Financing for Development Post-2015

World Bank Group
Fonte: Washington, DC Publicador: Washington, DC
EN_US
Relevância na Pesquisa
46.64%
This paper is a contribution to United Nation (UN)-led efforts to articulate a post-2015 development framework, building on the Millennium Declaration and Millennium Development Goals (MDGs). It focuses on the challenge of financing development goals and complements the extensive work conducted by the United Nations1 and other institutions, including the World Bank Group. The paper is structured as follows. Section one outlines elements of what it will take to achieve development outcomes, the importance of a global development cooperation framework, the role of targeted, evidence-based policies and sound institutions; and the mobilization of resources for global public goods. Section two focuses on how best to support developing countries in mobilizing domestic resources for development, by boosting taxation capacity, harnessing natural resource revenue, improving expenditure efficiency, and curbing illicit financial flows. Section three examines issues of aid effectiveness and considers ways for development actors to provide better and smarter aid. Section four discusses trends in private financial flows to developing countries and the growing mismatch between available financing and investment needs. It then turns to strategies for mobilizing financing for long-term infrastructure. Finally...

Strengthening Subnational Debt Financing and Managing Risks

Liu, Lili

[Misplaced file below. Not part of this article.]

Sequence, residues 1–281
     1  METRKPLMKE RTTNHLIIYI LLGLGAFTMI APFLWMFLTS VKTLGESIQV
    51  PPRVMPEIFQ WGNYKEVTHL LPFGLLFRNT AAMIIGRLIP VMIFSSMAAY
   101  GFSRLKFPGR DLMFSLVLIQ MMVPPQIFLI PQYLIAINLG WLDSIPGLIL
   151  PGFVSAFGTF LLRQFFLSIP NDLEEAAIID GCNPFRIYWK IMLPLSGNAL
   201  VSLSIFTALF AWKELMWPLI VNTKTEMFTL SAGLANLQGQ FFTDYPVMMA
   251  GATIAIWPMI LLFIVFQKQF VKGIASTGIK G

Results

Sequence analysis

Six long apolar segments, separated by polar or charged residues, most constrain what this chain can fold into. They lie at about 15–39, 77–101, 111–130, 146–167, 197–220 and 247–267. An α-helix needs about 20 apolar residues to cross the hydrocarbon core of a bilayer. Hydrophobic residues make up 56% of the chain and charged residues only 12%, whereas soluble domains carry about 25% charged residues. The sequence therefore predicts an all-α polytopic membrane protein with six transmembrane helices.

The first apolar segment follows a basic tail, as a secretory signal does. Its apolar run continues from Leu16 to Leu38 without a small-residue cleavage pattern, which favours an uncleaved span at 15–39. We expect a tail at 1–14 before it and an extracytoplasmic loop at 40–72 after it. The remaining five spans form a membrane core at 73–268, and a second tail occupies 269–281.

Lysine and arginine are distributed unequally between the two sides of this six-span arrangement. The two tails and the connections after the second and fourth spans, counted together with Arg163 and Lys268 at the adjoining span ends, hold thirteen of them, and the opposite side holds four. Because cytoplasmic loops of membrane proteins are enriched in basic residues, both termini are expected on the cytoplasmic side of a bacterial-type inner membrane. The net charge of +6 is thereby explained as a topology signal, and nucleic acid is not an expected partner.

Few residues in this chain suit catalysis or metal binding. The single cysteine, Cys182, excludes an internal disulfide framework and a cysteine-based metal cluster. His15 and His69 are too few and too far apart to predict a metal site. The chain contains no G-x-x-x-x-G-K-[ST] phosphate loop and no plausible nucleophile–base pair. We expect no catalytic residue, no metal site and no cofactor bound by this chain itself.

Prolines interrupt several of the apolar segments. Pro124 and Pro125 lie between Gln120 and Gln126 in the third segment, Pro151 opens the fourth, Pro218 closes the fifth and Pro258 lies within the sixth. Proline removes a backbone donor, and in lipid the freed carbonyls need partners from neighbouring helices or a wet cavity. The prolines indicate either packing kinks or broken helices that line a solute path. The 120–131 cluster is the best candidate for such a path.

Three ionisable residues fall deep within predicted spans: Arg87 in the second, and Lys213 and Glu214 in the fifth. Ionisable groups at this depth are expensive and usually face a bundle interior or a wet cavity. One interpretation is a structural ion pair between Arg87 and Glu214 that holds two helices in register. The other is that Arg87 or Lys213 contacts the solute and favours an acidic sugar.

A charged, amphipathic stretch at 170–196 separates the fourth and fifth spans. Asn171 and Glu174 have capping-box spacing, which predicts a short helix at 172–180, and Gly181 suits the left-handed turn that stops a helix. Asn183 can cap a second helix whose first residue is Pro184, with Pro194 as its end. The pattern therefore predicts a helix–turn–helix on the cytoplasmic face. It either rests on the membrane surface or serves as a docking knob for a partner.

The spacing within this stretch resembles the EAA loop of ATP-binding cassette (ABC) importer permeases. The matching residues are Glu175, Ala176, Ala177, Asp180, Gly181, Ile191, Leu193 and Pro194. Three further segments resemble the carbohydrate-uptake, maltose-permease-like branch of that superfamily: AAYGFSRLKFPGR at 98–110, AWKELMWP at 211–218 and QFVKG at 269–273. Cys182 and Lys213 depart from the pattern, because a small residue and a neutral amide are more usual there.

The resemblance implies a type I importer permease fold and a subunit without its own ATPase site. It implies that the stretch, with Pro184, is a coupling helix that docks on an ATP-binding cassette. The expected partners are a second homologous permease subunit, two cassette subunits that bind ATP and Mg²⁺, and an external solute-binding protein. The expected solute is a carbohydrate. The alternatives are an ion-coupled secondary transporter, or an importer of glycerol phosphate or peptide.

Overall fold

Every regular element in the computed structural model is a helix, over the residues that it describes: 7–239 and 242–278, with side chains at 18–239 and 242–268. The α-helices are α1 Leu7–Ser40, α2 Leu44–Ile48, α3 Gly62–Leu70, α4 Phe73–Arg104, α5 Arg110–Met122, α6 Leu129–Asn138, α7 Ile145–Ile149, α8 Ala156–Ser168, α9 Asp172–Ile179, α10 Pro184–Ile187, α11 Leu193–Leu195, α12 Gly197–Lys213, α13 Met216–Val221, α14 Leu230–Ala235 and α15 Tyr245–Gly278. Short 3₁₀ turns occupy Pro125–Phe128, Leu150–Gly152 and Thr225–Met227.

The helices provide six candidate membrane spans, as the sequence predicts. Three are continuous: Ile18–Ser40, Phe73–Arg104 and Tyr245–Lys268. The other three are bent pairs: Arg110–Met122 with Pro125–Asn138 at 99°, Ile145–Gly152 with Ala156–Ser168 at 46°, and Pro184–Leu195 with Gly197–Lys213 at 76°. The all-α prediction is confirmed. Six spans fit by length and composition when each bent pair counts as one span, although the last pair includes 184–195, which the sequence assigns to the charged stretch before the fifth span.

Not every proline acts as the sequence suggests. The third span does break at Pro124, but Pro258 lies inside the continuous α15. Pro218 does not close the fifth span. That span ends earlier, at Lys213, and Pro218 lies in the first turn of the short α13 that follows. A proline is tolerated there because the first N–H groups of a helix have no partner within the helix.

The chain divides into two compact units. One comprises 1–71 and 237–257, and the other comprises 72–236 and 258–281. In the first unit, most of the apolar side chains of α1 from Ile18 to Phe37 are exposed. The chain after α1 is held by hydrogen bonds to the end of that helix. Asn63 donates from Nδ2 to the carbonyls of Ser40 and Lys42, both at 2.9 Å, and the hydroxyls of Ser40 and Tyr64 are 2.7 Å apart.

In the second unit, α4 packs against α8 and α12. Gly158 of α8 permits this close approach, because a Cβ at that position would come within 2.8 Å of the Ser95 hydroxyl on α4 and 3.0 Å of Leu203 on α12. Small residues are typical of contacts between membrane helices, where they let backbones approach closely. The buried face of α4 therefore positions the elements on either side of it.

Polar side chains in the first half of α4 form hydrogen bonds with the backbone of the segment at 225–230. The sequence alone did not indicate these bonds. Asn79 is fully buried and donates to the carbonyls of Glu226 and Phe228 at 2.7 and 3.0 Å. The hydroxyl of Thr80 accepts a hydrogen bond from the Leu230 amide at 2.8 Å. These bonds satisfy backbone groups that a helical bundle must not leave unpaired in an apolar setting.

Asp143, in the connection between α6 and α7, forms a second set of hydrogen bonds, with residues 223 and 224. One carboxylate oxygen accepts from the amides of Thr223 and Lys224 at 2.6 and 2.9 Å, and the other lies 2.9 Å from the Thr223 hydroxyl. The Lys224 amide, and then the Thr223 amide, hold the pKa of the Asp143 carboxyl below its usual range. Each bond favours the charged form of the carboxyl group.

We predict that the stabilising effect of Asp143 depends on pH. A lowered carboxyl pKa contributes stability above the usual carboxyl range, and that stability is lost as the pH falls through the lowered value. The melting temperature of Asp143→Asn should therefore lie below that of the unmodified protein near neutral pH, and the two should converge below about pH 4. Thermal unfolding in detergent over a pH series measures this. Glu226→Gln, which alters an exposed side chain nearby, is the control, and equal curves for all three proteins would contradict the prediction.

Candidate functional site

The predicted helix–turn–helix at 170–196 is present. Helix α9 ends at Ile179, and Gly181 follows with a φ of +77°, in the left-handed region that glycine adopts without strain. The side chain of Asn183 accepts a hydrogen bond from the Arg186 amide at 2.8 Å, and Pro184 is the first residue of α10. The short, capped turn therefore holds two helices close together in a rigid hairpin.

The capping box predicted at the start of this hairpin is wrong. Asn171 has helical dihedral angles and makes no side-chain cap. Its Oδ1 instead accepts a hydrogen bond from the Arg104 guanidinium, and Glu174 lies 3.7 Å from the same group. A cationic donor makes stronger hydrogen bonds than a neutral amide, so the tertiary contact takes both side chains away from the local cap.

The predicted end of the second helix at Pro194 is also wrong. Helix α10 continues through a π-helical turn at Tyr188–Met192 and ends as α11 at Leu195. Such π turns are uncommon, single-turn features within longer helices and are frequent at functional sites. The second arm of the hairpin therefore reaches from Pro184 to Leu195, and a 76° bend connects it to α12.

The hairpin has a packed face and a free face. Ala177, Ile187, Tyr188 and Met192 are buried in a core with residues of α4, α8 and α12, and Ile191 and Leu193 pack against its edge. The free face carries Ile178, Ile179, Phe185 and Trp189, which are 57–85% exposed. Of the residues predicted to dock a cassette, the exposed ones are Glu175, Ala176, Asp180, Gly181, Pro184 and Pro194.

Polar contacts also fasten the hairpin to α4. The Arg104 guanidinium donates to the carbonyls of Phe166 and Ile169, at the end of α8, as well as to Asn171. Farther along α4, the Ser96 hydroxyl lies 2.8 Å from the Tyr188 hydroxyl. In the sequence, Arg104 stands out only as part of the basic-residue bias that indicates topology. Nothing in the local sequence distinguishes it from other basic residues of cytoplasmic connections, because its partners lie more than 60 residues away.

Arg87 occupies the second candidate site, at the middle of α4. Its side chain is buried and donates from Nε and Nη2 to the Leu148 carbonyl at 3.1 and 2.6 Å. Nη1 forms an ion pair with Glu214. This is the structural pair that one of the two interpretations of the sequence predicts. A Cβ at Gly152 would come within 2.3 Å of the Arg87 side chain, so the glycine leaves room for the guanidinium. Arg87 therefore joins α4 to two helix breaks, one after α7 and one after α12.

Fonte: World Bank, Washington, DC Publicador: World Bank, Washington, DC
EN_US
Relevância na Pesquisa
36.64%
The Chinese budget law prevents subnational governments from borrowing. However, Subnational Governments (SNG) borrows indirectly off-budget, through Urban Development and Investment Corporations (UDIC). There are various estimates on the off-budget liabilities, with one estimate having the liabilities at more than 30 percent of Gross Domestic Product (GDP). This paper provides a discussion of more reform options for China, anchored with cross-country experiences and lessons. The way forward is to develop regulatory frameworks that can expand SNG and UDIC market access and debt financing, while strengthening subnational fiscal discipline, managing default risks, promoting capital market development, and supporting macroeconomic management and a stable financial system. The paper is organized as: section two presents fiscal rules and framework - ex ante regulations for subnational debt issuing and procedures. Section three discusses what to do when a subnational government becomes insolvent - ex post system. Section four is devoted to developing regulatory frameworks for UDIC...